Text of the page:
Oba Akinola Oyetade Akinrera, Latiiri 1, is the Olubosin and the Paramount ruler of Ifetedo Kingdom, the headquarters of Ife South Local Government Area. The reverred monarch is a solicitor and advocate of the Supreme Court of Nigeria who had worked with Nigeria Police Force and Nigeria National Petroleum Corporation before ascending the throne of his forefathers. In this interview with Jeleel Olawale, the Chairman, Ife South Local Government Council of Obas spoke on myriad of challenges bedevering traditional institutions and culture in Nigeria with respect to outgone year 2022. The excerpt:
How can you describe traditional institutions in the post independence era?
Traditional institutions in the post independence era seem to be losing respect. A lot of things has been politicised, coupled with the fact that the way we traditional rulers are conducting ourselves is unbecoming and we are made to understand that in the past before a person could become a King, he would go through some stages.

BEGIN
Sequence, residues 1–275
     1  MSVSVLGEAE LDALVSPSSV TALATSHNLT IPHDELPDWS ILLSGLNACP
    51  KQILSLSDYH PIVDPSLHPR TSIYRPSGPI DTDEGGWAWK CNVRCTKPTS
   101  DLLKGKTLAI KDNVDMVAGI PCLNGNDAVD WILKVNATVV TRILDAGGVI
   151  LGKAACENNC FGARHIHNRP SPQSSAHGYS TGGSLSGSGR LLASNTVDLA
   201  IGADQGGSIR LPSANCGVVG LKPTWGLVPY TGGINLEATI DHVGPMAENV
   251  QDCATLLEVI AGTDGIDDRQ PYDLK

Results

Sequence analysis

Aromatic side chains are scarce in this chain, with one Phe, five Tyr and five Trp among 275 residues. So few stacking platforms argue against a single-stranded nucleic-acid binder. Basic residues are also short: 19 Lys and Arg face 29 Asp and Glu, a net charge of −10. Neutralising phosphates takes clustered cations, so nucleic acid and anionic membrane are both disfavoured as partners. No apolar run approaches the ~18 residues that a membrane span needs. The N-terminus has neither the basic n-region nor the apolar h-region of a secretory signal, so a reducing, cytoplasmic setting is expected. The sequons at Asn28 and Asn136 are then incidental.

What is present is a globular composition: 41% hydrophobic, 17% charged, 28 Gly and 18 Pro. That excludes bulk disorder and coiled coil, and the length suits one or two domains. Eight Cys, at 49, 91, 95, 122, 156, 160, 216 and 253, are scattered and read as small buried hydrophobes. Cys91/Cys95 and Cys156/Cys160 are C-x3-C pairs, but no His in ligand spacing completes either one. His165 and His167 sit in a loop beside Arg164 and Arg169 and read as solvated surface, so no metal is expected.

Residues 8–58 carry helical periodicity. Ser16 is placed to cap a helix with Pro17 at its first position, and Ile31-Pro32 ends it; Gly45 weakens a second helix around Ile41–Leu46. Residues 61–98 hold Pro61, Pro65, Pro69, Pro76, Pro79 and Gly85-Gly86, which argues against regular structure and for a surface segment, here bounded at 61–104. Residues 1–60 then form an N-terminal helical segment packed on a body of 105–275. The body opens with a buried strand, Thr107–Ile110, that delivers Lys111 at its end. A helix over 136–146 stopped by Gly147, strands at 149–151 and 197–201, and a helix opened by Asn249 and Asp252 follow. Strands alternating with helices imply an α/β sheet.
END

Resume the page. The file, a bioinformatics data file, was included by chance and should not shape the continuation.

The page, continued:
I went through these stages before I became Olubosin of Ifetedo Kingdom. But in some cases you will just see people will go and buy crown and start introducing themselves as Obas. All these culminating into how politicians are touching around with traditional rulers. This is making the institution to really loose respect and it is not good at all.
What is the solution to this?
I think there is need for the body of traditional rulers and government to sit and discuss, but the system is copied from the United Kingdom but their queen commands respect of the government. But in this part of the world, reverse is the case.